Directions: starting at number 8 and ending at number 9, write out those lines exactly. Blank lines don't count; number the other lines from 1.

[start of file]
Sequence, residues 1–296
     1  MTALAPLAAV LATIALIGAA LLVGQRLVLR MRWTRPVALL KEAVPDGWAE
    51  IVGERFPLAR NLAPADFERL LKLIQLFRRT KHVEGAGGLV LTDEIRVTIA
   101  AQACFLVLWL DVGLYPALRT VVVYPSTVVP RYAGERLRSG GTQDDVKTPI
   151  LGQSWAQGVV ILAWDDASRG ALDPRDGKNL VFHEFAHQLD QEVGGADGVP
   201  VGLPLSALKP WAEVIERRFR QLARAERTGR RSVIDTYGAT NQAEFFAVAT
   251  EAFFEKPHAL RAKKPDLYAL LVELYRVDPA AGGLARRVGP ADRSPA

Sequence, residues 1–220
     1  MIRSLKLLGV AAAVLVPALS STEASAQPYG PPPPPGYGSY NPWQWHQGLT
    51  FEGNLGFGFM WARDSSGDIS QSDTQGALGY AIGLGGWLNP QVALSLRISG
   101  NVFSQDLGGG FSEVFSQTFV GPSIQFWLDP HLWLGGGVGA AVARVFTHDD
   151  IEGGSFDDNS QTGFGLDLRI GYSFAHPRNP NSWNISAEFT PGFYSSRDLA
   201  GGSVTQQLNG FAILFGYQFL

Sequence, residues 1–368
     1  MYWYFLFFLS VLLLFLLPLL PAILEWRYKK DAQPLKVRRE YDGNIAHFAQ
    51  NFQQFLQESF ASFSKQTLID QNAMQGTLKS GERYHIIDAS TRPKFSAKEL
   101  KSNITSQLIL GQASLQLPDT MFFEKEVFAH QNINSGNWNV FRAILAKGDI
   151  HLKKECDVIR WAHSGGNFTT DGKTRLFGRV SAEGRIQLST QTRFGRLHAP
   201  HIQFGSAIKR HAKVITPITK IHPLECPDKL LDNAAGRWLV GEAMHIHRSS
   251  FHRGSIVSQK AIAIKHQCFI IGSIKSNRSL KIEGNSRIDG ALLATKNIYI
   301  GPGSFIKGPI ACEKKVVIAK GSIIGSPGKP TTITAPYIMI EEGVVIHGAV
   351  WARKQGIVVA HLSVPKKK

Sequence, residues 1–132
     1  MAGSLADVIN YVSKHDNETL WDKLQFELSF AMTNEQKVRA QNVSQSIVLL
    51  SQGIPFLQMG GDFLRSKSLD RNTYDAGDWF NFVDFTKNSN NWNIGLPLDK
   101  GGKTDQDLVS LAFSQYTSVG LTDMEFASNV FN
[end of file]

Sequence, residues 1–220
     1  MIRSLKLLGV AAAVLVPALS STEASAQPYG PPPPPGYGSY NPWQWHQGLT